b) That brings me to the question of gender identity and recognition. The judgment has been much lauded for upholding “transgender persons’ right to decide their self- identified gender”, whether as male, female or third gender/transgender, and for asking states to grant such legal recognition (pg. 128) – without mentioning a requirement for surgery or hormones at least at that precise part of the judgment. However, the judgment is very unclear, confused and even conflicted on the procedures for granting such recognition, and contradictorily veers between gender self-determination and biological essentialism. At one point it cites the Argentina model which allows for self-identification without requiring medical certification, a model which has been lauded by many trans* activists. Yet at other points it seems to suggest that ‘psychological tests’ would be necessary (pgs. 45, pg 84), which is potentially very problematic given the constraints of how diagnosis of gender dysphoria works in psychiatry and medicine, as it is often based on binary and linear models of identification, which works for some but not other trans/gender variant people. At one point it even seems to stipulate the biologically essentialist requirement that surgery to change ‘physical form’ would be necessary for recognition as (trans) male or female, even if not for ‘third gender’ (pg. 108, “we are of the opinion that… a person has a constitutional right to get the recognition as male or female *after SRS*, which was not only his/her gender characteristic but has become his/her physical form as well”, my emphasis.) Since it passes the onus for legal identity recognition on to central and state governments, it seems likely that different states will interpret it in their own ways and will fix the procedures that they deem fit, which probably means that procedures will be haphazard, will vary between states, and that there will probably be quite a bit of gender policing by state bureaucratic mechanisms (determining who can be third gender, who can be recognized as transitioned male or female, etc.) – and requirements like surgery and hormones might well come back (which are unavailable to many trans* people, and many don’t want them). This also means that trans*/gender variant people will have to negotiate various bureaucratic mechanisms and arbitrary rules regarding gender recognition in order to get the legal i.ds they would likely need to access welfare measures like reservations in jobs or education.

c) Lastly, continuing on the topic of procedure, on page 129 the judgment defers to the Expert Committee constituted by MOSJE (Ministry of Social Justice and Empowerment) for suggesting measures and recommendations, which probably means that the MSJE report will provide the concrete procedural guidelines that are missing in the SC judgment. Now, the MOSJE recommends on pg. 34 of its report that ‘Certificate that a person is a transgender person should be issued by a state level authority duly designated or constituted by respective the State/UT’, and these state-appointed committees will comprise a psychiatrist, social worker, two transgender representatives, etc. Again, this suggests that the “transgender persons’ right to decide their self- identified gender” as male/female/third will not be accessible easily after all, and will be subject to the requirement to ‘prove’ one’s gender identity to the bureaucracy as per its rules – the MOSJE rejects the simpler option that one could just submit affidavits by oneself and one’s friends as proof of one’s sincerity and honesty in declaring their gender. Again, this suggests there will be quite a bit of identity policing, and requirements like surgery/hormones may return especially if one wants legal recognition as the ‘opposite’ gender. Also, as my friend and sister Sumi (secretary, Moitrisanjog Society Coochbehar) pointed out, there will probably be a lot of petty politics and cut-throat competition regarding which transgender people get to be on these certifying committees, and people will probably accuse each other of being ‘fake hijras’ or ‘part-time TG’ and thus not really transgender, and so on, just like what has already happened in the case of TG funding in HIV-AIDS. But these are some inevitable perils of the biopolitical recognition of identity as the basis for rights and citizenship; one can only hope that the political horizon of trans*/hijra/kothi/FTM/butch (etc.) communities will hopefully go beyond such biopolitics, even as we stake our rightful claim to identity-based rights and recognition.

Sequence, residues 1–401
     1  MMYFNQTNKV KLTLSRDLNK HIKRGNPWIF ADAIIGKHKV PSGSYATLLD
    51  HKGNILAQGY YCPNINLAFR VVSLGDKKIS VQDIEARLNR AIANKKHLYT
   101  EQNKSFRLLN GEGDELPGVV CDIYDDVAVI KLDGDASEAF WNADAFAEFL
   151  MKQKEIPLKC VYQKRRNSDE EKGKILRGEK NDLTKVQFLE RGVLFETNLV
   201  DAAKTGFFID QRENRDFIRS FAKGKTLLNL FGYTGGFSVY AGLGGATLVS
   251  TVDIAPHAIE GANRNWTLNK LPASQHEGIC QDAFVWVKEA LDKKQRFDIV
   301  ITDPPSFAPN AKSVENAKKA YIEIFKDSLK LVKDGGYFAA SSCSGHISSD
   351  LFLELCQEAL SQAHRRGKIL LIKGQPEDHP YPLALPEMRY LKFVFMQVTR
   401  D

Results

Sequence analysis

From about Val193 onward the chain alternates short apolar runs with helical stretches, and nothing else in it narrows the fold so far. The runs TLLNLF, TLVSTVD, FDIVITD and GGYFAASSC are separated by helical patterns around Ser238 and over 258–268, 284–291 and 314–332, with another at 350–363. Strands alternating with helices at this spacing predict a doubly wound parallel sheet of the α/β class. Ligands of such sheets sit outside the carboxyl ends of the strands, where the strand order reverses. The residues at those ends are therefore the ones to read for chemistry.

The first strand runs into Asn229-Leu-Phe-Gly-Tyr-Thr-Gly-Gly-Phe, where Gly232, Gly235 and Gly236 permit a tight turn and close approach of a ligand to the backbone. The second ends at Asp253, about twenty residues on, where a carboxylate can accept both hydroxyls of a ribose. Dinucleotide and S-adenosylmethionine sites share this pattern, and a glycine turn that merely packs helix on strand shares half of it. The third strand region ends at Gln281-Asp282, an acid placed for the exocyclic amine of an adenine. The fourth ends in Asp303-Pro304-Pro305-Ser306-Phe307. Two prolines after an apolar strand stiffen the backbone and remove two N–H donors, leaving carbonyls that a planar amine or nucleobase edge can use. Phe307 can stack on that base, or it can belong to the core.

This article was originally published on orinam and has been reprinted here with the author’s permission.

aniruddha duttaANIRUDDHA DUTTA is an Assistant Professor in the departments of Gender, Women and Sexuality Studies and Asian and Slavic Languages and Literatures at the University of Iowa. Dutta’s current research project examines how insti- tutionalized gender/sexual identity politics in India challenges, reconfigures or reproduces structural hierarchies of class/caste and unequal access to citizenship.